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travel inspiration for small budgets and big dreams

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1. The French are nice.

Parisians in particular have a reputation for being aloof and snobbish, and as tourists from a third-world country, we were prepared to be ignored or looked down on. Surprisingly, none of the French people we met were even remotely rude. Hotel receptionists were friendly and helpful. An elderly gentleman on the train valiantly tried to engage us in conversation even though his English and our French were minimal to nonexistent. The French doctor who shared our couchette to Venice treated us to a breakfast of brioche and coffee. A middle-aged lady in Nice asked my opinion on whether she should buy black or red boots. (Red!) And two guys in suits took the table next to ours at a KFC and spoke to us in Tagalog! Of course, it helps if you are polite yourself, smile a lot, and make attempts – even laughably poor ones – at speaking French.

My sister asking for directions in Nice
My sister asking for directions in Marseille

2. They can tell we’re Filipinos.

Not everyone, of course, but I can’t count the number of times I’ve bought a sandwich or encountered guys selling Eiffel Tower miniatures and gotten asked, “Philippines?” I have no idea how they do it because even I can’t always distinguish Filipinos from other Southeast Asians.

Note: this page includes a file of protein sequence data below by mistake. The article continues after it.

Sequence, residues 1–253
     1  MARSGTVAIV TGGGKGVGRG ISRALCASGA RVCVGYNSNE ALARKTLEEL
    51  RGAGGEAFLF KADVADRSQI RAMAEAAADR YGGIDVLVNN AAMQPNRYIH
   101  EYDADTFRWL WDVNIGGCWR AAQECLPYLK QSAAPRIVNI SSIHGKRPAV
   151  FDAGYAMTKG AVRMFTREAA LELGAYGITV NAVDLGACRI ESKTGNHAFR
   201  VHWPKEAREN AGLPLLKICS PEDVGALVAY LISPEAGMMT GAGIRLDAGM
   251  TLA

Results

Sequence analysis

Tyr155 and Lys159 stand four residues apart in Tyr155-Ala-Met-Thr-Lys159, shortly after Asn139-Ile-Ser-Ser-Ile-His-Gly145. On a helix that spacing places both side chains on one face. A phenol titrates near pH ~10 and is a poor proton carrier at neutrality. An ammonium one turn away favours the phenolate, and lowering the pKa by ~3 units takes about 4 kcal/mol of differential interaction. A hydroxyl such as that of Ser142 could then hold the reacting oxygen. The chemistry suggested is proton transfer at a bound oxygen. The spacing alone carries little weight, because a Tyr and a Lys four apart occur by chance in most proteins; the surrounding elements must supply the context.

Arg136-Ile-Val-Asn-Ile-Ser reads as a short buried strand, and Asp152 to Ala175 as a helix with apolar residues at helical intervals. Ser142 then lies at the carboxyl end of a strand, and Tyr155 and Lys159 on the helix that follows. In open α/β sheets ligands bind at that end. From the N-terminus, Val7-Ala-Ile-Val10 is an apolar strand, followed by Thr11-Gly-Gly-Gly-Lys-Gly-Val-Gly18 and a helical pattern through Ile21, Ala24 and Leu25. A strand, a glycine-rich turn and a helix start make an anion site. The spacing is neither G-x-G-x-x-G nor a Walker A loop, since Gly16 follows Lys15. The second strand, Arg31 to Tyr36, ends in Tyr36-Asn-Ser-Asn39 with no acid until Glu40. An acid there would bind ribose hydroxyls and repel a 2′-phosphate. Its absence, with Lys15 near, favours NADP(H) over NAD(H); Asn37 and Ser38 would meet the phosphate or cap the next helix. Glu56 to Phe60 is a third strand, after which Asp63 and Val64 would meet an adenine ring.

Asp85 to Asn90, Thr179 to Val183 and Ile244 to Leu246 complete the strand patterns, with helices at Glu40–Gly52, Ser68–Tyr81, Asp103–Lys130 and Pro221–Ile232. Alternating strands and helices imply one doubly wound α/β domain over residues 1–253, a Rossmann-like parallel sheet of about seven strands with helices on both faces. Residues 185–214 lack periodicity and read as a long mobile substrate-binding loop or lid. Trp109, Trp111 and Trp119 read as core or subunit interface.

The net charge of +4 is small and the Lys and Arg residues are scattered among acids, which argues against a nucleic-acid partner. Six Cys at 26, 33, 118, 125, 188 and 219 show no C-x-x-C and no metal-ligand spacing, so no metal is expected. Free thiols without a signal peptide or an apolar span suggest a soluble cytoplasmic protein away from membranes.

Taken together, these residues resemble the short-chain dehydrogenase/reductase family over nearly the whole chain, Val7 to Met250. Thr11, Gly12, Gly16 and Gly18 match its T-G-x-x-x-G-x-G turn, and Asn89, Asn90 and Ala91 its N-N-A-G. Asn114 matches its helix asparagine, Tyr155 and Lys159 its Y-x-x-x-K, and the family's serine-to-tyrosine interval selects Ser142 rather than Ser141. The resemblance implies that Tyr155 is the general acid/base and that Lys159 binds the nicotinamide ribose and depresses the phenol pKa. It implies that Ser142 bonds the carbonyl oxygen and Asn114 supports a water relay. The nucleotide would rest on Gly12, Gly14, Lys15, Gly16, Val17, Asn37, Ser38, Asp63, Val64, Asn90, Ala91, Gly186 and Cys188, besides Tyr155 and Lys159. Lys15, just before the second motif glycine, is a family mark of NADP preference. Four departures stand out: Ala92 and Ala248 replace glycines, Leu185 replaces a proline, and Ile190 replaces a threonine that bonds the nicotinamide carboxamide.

3. Paris doesn’t have to be expensive.

It is known to be one of the most expensive cities in the world, but there are many quintessentially Parisian things you can do for free. A stroll along the River Seine is romantic and invigorating and costs absolutely nothing. The Louvre, Musée d’Orsay, and other museums have free-entrance days; entrance to the Notre Dame cathedral is free every day. The Jardin du Luxembourg and local favorite Place des Vosges – free. And there’s no charge for taking photos in front of the ultimate Paris landmarks: the Eiffel Tower and the Arc de Triomphe. You’ll have to pay to go up either structure, but do you really have to? Many say the best view of the Paris skyline is from Sacré Coeur in Montmartre, which is – you guessed it – free.

3 Things That Will Surprise You About Paris© Small-Town Girls, Midnight Trains. All rights reserved.
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12 Responses

  1. You’re right about making an attempt to speak French, no matter how limited your vocabulary. It worked for us, too, and we found the French people to be very nice, with only a few exceptions.

  2. I’m glad your experience with Paris was positive. I hope you’ll be able to write about Spain one day, and the same for me too. 🙂

  3. I found people in Paris very friendly; someone begun talking to us at the table in McDonalds; a lady gave my daughter a kitty necklace she had just bought just to stop her from crying, and people were awesome giving us directions in French of course!

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